Friday, May 29, 2009

Well, I'm drinking the Kool Aid

My brother in law and I had an idea for a project and from what he and many others have said, it would be a perfect Rails project, so I downloaded Rails and got a copy of Rails for .NET Developers and I started reading last night. It looks like it should do the trick. This is a pretty simple application, so it seems like a great fit for what Rails is supposed to be good for. Having seen some of the things people put together for Rails Rumble, I'm hoping I can bang this thing out fairly quickly.

Anyway, given I've done my share of python, C++, C# and VB with a smattering of Javascript and PHP and vague memories of lisp and a bitter taste in my mouth for perl, I'll see how this works out.

Sunday, May 10, 2009

Thank you Microsoft

Look, a lot of us in this industry bash Microsoft and in many cases rightfully so. But this weekend I was doing some work for a friend who has a client that has a site running IIS, SQL Server and PHP. I did the prototype of what I'm working on in PHP and mySQL on my laptop and then had to port the database layer over to SQL Server. This app is far from rocket science, so I wasn't worried in the least about doing the first version against mySQL. So I downloaded SQL Server, installed it on my laptop after hitting many Next> buttons, updated my code to use the standard mssql module that comes with PHP and then started testing. That's when the problems started. I did the usual googling and came up with somethings I had forgotten to do on the install, like enable TCP/IP in the Configuration Manager and other assorted bookkeeping stuff. But after that and getting other clients to connect successfully, the PHP app kept having issues connecting, never mind doing any actual work. I had done a ton of research, tried everything I found and then some, and finally gave up trying to use the standard PHP module.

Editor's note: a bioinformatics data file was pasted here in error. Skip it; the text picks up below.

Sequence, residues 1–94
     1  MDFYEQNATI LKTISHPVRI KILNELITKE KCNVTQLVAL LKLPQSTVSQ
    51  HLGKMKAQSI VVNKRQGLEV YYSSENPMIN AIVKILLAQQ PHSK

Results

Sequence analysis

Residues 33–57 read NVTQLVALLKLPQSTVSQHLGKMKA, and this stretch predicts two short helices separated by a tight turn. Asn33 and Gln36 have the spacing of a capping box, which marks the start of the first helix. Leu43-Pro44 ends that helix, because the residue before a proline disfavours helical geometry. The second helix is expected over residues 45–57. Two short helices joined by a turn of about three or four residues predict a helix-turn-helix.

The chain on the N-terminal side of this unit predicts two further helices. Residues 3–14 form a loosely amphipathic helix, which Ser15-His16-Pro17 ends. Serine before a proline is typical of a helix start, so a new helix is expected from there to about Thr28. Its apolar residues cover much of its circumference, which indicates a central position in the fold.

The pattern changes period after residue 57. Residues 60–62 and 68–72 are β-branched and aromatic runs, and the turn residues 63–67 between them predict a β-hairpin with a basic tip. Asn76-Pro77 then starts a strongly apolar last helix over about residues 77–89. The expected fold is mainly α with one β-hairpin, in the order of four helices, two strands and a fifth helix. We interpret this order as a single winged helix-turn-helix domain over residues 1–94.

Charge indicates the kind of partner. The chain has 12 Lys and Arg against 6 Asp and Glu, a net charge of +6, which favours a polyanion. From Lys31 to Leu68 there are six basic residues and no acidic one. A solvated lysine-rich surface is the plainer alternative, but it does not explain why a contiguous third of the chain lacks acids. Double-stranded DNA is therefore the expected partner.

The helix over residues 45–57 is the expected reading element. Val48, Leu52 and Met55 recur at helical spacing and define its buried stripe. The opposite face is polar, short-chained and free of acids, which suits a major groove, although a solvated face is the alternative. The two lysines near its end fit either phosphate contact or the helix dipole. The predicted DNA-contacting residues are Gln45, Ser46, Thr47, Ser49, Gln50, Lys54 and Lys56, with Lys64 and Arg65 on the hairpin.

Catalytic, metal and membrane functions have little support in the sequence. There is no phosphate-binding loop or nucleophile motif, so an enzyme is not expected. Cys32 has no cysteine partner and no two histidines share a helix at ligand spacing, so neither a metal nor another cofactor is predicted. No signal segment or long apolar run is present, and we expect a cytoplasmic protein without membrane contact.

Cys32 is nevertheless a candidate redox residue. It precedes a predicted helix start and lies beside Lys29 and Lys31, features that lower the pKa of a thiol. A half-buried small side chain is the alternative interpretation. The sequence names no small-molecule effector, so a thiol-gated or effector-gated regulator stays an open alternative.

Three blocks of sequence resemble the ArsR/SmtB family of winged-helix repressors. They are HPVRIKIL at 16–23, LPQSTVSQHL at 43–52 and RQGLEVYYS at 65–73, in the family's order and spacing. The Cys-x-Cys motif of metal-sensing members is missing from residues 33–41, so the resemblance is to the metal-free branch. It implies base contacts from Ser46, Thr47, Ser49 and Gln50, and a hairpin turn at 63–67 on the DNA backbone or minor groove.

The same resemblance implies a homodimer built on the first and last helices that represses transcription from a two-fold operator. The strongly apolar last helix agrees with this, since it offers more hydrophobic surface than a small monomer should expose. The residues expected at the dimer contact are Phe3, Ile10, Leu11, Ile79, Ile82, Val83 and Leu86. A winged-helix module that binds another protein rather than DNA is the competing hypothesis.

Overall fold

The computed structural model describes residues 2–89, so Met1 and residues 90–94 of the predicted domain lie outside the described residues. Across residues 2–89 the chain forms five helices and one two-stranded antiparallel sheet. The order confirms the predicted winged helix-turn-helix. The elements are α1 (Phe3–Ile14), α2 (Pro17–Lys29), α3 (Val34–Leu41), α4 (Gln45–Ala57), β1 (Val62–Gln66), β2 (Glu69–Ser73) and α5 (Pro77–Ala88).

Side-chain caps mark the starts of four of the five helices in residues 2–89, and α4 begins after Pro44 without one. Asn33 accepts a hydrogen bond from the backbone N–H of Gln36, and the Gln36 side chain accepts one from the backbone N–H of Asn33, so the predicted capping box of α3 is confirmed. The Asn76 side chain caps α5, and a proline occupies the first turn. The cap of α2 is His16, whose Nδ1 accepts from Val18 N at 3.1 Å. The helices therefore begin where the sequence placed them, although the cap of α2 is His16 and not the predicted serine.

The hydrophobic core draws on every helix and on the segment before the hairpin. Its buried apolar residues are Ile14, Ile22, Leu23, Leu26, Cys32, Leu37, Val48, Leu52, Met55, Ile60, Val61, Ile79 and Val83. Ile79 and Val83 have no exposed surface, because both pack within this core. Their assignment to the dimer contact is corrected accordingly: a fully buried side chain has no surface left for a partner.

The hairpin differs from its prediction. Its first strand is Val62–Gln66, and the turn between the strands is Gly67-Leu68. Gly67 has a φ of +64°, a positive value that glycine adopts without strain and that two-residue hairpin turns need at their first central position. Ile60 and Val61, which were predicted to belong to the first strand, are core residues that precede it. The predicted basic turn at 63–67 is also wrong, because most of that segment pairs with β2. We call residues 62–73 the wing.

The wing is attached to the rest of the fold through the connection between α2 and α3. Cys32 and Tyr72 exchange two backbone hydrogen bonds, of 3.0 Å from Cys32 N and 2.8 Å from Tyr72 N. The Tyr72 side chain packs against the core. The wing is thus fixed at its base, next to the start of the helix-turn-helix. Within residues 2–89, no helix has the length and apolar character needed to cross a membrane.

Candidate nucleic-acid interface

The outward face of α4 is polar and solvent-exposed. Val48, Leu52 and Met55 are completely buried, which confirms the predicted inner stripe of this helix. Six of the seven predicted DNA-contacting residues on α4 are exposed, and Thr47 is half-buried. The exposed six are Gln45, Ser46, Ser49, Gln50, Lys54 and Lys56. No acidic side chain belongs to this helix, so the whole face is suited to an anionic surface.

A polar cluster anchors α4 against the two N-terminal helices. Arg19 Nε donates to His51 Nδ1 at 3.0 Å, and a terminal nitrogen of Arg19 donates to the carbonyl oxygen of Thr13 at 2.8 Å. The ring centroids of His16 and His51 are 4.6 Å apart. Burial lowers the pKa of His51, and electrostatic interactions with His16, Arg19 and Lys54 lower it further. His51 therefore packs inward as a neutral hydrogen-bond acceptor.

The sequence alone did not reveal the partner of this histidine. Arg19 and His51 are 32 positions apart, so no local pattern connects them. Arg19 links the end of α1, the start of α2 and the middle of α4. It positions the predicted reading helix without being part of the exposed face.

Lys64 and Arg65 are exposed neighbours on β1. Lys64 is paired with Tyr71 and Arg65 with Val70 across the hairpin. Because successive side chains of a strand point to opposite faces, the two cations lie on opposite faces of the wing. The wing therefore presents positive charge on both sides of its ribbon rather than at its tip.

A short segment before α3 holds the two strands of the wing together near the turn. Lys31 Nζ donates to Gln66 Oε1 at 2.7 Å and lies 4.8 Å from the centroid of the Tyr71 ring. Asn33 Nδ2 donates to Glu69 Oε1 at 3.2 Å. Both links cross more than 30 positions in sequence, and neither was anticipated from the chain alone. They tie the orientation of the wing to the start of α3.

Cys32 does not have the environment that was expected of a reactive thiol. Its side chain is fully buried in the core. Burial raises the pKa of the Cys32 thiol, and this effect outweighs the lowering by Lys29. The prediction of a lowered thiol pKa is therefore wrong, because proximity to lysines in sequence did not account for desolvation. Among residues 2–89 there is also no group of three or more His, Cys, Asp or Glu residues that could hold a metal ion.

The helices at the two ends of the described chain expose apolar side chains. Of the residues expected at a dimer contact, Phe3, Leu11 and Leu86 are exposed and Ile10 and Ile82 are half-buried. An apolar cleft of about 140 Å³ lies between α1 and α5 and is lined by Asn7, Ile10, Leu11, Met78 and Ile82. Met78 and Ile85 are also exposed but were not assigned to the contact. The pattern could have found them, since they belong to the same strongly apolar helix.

Since in my regular job I work almost exclusively with Microsoft technology, I am mostly up to date on what they do. I know as of late they've been doing some work to help support a lot of web and open source technology out there. So I was wondering if maybe, just maybe, then had a PHP client. They have a database client for java, after all. So I figured what the hell and found the SQL Server driver for PHP 1.0. After downloading the file, I think it was just over an hour from extracting the files to the PHP extensions directory until I had a working version on SQL Server. I've had somewhat similar experiences lately with flickr and facebook tools found on codeplex.